Ancient Egypt may seem a strange place to start an article on Valentines Day, but there is a good reason for this. This blog explores the association of the heart with love and that in turn forms the central theme of Valentines Day.
It was recognised thousands of years ago that the heart was a very important organ. But it was not only believed to have a physical function but also an emotional one. The brain was not considered to harbour emotional feelings and it physical function was not understood. Therefore when the Egyptian’s undertook the process of mummification, the first thing they did was to remove the brain. Other organs such as the liver and stomach etc. were removed and placed in jars. The heart however was returned to the body, as its owner would need it in the after life. Though the physical function of the heart had ended, the emotional properties were thought to carry on even after death.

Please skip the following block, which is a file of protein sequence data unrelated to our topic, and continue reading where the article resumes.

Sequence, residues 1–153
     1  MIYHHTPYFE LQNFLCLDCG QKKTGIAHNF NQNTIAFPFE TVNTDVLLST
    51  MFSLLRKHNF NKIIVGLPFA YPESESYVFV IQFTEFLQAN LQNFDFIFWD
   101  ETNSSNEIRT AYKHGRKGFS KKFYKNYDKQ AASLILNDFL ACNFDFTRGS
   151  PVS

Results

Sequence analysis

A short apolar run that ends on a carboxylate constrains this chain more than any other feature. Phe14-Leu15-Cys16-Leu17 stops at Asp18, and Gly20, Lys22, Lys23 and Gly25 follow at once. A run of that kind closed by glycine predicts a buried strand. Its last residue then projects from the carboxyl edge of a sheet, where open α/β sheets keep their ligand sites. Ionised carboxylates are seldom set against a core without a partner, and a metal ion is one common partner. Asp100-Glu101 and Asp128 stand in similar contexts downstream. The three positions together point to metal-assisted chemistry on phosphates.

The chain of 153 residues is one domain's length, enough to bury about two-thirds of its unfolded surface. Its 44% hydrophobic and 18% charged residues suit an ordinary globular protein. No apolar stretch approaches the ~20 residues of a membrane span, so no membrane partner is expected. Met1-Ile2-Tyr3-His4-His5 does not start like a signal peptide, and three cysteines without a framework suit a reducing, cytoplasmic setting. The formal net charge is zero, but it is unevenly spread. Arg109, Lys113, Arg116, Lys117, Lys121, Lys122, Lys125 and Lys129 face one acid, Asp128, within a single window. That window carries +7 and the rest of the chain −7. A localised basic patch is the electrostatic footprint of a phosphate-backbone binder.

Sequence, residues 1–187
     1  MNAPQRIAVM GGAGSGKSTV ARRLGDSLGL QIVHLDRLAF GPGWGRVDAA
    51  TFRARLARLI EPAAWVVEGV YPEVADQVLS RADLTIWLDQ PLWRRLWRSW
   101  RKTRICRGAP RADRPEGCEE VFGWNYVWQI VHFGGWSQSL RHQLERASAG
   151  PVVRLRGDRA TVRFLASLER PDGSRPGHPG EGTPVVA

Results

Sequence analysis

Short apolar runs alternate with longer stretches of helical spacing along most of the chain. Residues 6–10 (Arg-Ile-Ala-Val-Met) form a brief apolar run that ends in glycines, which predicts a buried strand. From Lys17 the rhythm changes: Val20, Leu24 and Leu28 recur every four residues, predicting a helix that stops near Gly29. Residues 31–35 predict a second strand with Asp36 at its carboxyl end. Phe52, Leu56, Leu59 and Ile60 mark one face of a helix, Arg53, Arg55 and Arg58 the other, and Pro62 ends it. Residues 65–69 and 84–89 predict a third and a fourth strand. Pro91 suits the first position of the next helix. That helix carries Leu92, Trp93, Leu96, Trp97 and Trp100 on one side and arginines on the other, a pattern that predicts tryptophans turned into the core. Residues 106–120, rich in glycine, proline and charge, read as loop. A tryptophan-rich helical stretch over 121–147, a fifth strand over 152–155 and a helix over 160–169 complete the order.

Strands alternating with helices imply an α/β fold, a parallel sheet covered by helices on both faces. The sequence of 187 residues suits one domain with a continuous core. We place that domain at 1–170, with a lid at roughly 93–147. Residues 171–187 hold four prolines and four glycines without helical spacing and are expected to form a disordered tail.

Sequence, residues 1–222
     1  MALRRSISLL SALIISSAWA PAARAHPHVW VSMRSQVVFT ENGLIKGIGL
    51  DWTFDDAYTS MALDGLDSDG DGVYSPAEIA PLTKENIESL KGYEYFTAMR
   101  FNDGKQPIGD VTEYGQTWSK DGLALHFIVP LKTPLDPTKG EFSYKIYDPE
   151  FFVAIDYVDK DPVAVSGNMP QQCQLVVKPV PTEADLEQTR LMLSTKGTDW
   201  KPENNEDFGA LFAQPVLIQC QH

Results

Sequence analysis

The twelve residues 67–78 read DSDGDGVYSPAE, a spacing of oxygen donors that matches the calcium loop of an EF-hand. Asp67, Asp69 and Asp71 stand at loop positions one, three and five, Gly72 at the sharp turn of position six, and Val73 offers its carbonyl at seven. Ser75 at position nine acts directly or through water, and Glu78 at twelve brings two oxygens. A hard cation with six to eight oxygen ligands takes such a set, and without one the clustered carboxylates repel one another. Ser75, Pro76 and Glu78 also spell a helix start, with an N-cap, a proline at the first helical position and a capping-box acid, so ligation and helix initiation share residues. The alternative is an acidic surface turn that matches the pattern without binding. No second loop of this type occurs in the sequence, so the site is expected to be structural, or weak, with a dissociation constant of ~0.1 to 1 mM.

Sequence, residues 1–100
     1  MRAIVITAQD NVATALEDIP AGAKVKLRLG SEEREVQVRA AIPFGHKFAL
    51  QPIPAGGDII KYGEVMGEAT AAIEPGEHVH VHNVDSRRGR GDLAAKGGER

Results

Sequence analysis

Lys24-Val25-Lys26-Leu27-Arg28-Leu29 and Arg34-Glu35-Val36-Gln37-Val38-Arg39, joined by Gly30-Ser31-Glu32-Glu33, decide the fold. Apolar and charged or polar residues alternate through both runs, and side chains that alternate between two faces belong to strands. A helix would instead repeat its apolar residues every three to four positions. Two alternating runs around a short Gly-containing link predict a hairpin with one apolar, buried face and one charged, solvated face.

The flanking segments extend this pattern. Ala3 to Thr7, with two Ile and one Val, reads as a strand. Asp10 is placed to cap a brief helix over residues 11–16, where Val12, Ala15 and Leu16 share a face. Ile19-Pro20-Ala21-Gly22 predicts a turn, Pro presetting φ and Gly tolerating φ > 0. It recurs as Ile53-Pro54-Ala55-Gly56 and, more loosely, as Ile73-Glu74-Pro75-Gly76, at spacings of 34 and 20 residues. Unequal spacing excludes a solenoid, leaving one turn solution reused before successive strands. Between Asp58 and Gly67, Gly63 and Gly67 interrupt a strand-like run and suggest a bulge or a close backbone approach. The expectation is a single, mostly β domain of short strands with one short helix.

Though the true shape of the heart had been known for millennia the widely accepted depiction of a pointed base and two semicircular domes at the top was not associated with love until the middle of the 13th century. A French manuscript of around 1250 depicts a male on his knees presenting his heart (shown as a pine cone) to his lover. By the beginning of the next century the presenting of one’s heart as a token of love had taken on a religious meaning. In a fresco painted by Giotto, a virtuous woman hands her heart to Christ. The now commonly stylised heart for example, as found on playing cards emerged in the late 15th century.
So in recognising Valentines Day on 14th February the using of a heart to depict love will continue a centuries old tradition.
If you wish to continue this tradition we have several patterns which feature hearts, click the pattern title for pattern page:
1:12th scale girls heart jumper set
For miniature bears:
Teddy bear jumper and skirt pattern
For your human house:
Heart within a heart doily. Coaster from this pattern is shown at top of page.